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Duffield 2.0: the new kid on the SaaS block

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8th Nov 2006
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Dave Duffield 2.0 formally launched this week, setting the former PeopleSoft founder back on a collision course with arch enemy Oracle.

The 66-year-old software industry veteran kicked off Workday a software as a service (SaaS) firm that sells web-hosted software for human capital management.

The new company is on a direct collision course with Oracle which acquired PeopleSoft for $11.1 billion in January 2005, something which Duffield opposed. "I worked like crazy to keep PeopleSoft out of the clutches of Oracle," he admitted. "When Oracle prevailed, it inadvertently offered an opportunity."

"Oracle brought to an end certain people's careers, including mine. It also enabled a group of people to get together and try something new. People were available and they enjoyed working together."

For example, Workday's co-founder is Aneel Bhusri, former vice chairman and senior vice president in charge of product strategy at PeopleSoft. He is now a general partner at Greylock Partners, which is investing in Workday.

Workday is targeting mid-size companies, which it defines as companies with between $200 million to $1 billion in revenues and 1,000 to 5,000 employees. Next year, it plans to offer financial-management and supply chain-management applications for this market.

AMR Research data on growth in the online applications sector suggests that HR is currently a slower-growth area than some others. It rose 13 per cent between 2004 and 2005, compared to 300 per cent for ERP generally, 60 per cent for CRM and 125 percent for sourcing/procurement.

"This is different from enterprise applications of yesterday," said Bhusri. "Our applications are built for all employees to use, not just accountants and IT managers.

Workday plans to initially target services companies in North America with 1,000 to 1,500 employees and $200 million to $1 billion in annual sales, said Bhusri. "As our product gets more breadth and depth, our intention is to go to Fortune 2000 companies, much as we did with PeopleSoft.”

But he admitted that the offering would not have universal applicability. "It's not for everybody," he said. "It's for the new generation of growth-oriented companies looking for a new way to run their business. Some companies may find this is too much change for now.

"We've seen the emergence of Web 2.0, of software as a service and open source, and (forces) that have come together to create what some have called a work 2.0" of mobile workers, globalisation and partners, he said. "We incorporate a lot of these Web 2.0 things - hyperlinks, AJAX, RSS, search."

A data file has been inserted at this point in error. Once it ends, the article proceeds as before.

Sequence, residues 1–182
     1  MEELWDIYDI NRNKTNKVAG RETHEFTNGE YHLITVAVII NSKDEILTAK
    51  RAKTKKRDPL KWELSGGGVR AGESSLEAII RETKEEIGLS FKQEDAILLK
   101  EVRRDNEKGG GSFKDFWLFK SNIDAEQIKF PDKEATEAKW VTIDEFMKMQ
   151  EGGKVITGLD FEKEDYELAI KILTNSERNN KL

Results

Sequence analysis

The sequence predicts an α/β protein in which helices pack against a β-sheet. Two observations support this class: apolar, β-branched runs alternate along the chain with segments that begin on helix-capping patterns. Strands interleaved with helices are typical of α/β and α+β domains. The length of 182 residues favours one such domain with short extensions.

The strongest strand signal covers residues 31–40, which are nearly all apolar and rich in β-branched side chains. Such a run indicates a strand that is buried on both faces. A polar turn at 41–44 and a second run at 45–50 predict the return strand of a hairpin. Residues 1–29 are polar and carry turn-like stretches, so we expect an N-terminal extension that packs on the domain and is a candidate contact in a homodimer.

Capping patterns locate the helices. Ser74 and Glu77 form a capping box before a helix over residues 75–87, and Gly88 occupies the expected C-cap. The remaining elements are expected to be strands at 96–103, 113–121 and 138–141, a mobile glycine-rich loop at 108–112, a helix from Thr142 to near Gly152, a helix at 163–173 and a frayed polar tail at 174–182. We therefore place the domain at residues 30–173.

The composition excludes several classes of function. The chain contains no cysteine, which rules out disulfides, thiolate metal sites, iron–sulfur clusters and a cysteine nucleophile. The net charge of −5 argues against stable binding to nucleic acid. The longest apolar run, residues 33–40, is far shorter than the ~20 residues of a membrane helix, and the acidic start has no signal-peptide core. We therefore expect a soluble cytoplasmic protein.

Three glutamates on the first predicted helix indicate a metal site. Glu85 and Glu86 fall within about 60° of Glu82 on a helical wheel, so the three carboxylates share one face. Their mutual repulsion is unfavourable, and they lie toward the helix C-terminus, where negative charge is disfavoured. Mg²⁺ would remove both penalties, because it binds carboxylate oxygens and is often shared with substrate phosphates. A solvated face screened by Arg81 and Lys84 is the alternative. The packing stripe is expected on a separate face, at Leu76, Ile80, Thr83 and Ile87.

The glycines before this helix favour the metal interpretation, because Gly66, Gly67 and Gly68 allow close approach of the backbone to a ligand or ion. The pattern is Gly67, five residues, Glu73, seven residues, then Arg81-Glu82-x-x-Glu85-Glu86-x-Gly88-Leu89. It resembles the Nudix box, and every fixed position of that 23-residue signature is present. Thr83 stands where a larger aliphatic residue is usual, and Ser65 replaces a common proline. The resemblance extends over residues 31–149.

Other SaaS vendors welcomed the appearance of another player, especially one riding on the reputation of its founder. "Dave Duffiled’s new company is yet another example of the proliferation of the on demand model," said Greg Gianforte, CEO of RightNow Technologies. "This is how software applications will be delivered moving forward. Software delivered as a service is faster to deploy, easier to manage, and drives results faster. Global enterprises are recognising thse benefits and are increasingly implementing and often standardising on software as a service solutions."

But at least one analyst firm warned that Workday was a work in progress with some rough edges. "Although Workday touts its tool as the first one designed for the business user, not the power user, the employee role interface was the least developed in the demo," said AMR’s Christa Degnan Manning. "Everyday users will be disappointed until more is done to make employee self-service user friendly. Workday promises the employee self-service interface will shortly look more like MySpace than text-based lists.

"As with any first release software, and especially with one trying to reinvent a well-established category of functionality, all of the capabilities one might expect to be there will not be there with earlier releases. Although Workday plans to add more robust HR administration functions and even strategic HCM areas, like performance management, in coming releases in 2007, these will not be as specialised as best-of-breed products out there today. That said, our inquiries tell us that many midsize organisations still have opportunity to automate basic HR information collection and administration and would benefit from an easy-to-implement-and-integrate approach.

"Ultimately it will be Duffield’s and his colleagues’ experience and reputations in the industry, as well as their commitment to a customer-centric culture—the same culture that helped the early PeopleSoft flourish—that will provide reassurance that this is no fly-by-night operation and fuel the early adopter success required to bring the company to the next level. Its financial backing by Duffield, as well as his connections at Greylock Partners, also removes viability risks, and promises to provide a serious start-from-scratch technology alternative to what’s out there for ERP today."

Certainly Workday will bring much of the corporate culture that characterised PeopleSoft. "Many people ask me if Workday is the reincarnation of PeopleSoft," said Duffield. "My answer is yes and no. We're going to preserve the world-class work environment for which PeopleSoft was known.

"We'll conduct business with the highest level of integrity and trust. We'll have fun at work, serving our customers and collaborating with business partners."

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